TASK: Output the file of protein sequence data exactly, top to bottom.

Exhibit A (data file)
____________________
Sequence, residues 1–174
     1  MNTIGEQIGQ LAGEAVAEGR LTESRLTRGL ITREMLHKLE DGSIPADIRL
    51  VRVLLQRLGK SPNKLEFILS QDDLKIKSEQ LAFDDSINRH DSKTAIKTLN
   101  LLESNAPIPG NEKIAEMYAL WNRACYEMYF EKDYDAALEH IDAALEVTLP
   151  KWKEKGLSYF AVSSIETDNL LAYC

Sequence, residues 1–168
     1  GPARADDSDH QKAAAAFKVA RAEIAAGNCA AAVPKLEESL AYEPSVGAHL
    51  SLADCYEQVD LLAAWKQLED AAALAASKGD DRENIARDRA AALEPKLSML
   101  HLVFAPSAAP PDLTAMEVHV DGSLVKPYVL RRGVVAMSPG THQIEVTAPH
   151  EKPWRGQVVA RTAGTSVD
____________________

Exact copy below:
Sequence, residues 1–174
     1  MNTIGEQIGQ LAGEAVAEGR LTESRLTRGL ITREMLHKLE DGSIPADIRL
    51  VRVLLQRLGK SPNKLEFILS QDDLKIKSEQ LAFDDSINRH DSKTAIKTLN
   101  LLESNAPIPG NEKIAEMYAL WNRACYEMYF EKDYDAALEH IDAALEVTLP
   151  KWKEKGLSYF AVSSIETDNL LAYC

Sequence, residues 1–168
     1  GPARADDSDH QKAAAAFKVA RAEIAAGNCA AAVPKLEESL AYEPSVGAHL
    51  SLADCYEQVD LLAAWKQLED AAALAASKGD DRENIARDRA AALEPKLSML
   101  HLVFAPSAAP PDLTAMEVHV DGSLVKPYVL RRGVVAMSPG THQIEVTAPH
   151  EKPWRGQVVA RTAGTSVD